jueves, 2 de enero de 2014

Gabapetinoides en dolor postoperatorio/Gabapeptinoids in postoperative pain

Pregabalina en dolor agudo y crónico
Pregabalin in acute and chronic pain.


Baidya DK, Agarwal A, Khanna P, Arora MK.
Department of Anaesthesia and Intensive Care, All India Institute of Medical Sciences, New Delhi, India.
J Anaesthesiol Clin Pharmacol. 2011 Jul;27(3):307-14. doi: 10.4103/0970-9185.83672.
Abstract
Pregabalin is a gamma-amino-butyric acid analog shown to be effective in several models of neuropathic pain, incisional injury, and inflammatory injury. In this review, the role of pregabalin in acute postoperative pain and in chronic pain syndromes has been discussed. Multimodal perioperativeanalgesia with the use of gabapentinoids has become common. Based on available evidence from randomized controlled trials and meta-analysis, the perioperative administration of pregabalin reduces opioid consumption and opioid-related adverse effects in the first 24 h following surgery. Postoperative pain intensity is however not consistently reduced by pregabalin. Adverse effects like visual disturbance, sedation, dizziness, and headache are associated with higher doses. The advantage of the perioperative use of pregabalin is so far limited to laparoscopic, gynecological, and daycare surgeries which are not very painful. The role of the perioperative administration of pregabalin in preventing chronic pain following surgery, its efficacy in more painful surgeries and surgeries done under regional anesthesia, and the optimal dosage and duration of perioperative pregabalin need to be studied. The efficacy of pregabalin in chronic pain conditions like painful diabetic neuropathy, postherpetic neuralgia, central neuropathic pain, and fibromyalgia has been demonstrated.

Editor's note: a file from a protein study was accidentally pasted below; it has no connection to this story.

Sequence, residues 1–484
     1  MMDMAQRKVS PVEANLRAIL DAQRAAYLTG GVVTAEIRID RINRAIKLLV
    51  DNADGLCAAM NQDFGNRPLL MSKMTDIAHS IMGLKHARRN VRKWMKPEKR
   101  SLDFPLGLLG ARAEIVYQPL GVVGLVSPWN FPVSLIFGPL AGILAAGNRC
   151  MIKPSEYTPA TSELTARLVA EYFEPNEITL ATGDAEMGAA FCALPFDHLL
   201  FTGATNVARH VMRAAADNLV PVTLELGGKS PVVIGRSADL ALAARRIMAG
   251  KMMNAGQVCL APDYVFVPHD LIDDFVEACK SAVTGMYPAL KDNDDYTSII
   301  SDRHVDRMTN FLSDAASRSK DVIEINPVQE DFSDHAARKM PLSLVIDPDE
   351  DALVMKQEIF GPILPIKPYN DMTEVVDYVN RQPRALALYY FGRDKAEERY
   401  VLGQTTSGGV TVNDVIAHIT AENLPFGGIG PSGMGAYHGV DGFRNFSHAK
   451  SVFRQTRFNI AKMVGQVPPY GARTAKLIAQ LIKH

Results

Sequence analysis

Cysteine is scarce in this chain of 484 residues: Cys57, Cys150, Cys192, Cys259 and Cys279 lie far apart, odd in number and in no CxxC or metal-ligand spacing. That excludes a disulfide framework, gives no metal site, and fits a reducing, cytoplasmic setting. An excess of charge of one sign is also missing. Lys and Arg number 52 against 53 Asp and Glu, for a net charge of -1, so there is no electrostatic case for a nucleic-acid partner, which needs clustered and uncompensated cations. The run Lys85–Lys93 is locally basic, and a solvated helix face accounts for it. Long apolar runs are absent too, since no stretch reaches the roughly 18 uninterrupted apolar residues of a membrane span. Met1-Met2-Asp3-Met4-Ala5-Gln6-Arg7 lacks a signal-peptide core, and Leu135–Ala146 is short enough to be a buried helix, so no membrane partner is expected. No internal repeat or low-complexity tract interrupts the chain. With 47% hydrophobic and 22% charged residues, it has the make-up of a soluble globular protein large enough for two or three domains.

KEYWORDS: Acute perioperative pain, chronic pain syndromes, pregabalin
http://www.ncbi.nlm.nih.gov/pmc/articles/PMC3161452/




http://www.joacp.org/downloadpdf.asp?issn=0970-9185;year=2011;volume=27;issue=3;spage=307;epage=314;aulast=Baidya;type=2





Eficacia de pregabalina en dolor agudo postoperatorio. Meta-análisis

Efficacy of pregabalin in acute postoperative pain: a meta-analysis.
Zhang J, Ho KY, Wang Y.
Department of Anesthesiology, The First Affiliated Hospital of Zhengzhou University, No. 1 East-Jianshe Road, Zhengzhou 450052, China.
Br J Anaesth. 2011 Apr;106(4):454-62. doi: 10.1093/bja/aer027. Epub 2011 Feb 26.
Abstract
Multimodal treatment of postoperative pain using adjuncts such as gabapentin is becoming more common. Pregabalin has anti-hyperalgesic properties similar to gabapentin. In this systematic review, we evaluated randomized, controlled trials (RCTs) for the analgesic efficacy and opioid-sparing effect of pregabalin in acute postoperative pain. A systematic search of Medline (1966-2010), the Cochrane Central Register of Controlled Trials (CENTRAL), and Google Scholar was performed. We identified 11 valid RCTs that used pregabalin for acute postoperative pain. Postoperative pain intensity was not reduced by pregabalin. Cumulative opioid consumption at 24 h was significantly decreased with pregabalin. At pregabalin doses of <300 mg, there was a reduction of 8.8 mg [weighted mean difference (WMD)]. At pregabalin doses ≥300 mg, cumulative opioid consumption was even lower (WMD, -13.4 mg). Pregabalin reduced opioid-related adverse effects such as vomiting [risk ratio (RR) 0.73; 95% confidence interval (CI) 0.56-0.95]. However, the risk of visual disturbance was greater (RR 3.29; 95% CI 1.95-5.57). Perioperative pregabalin administration reduced opioid consumption and opioid-related adverse effects after surgery.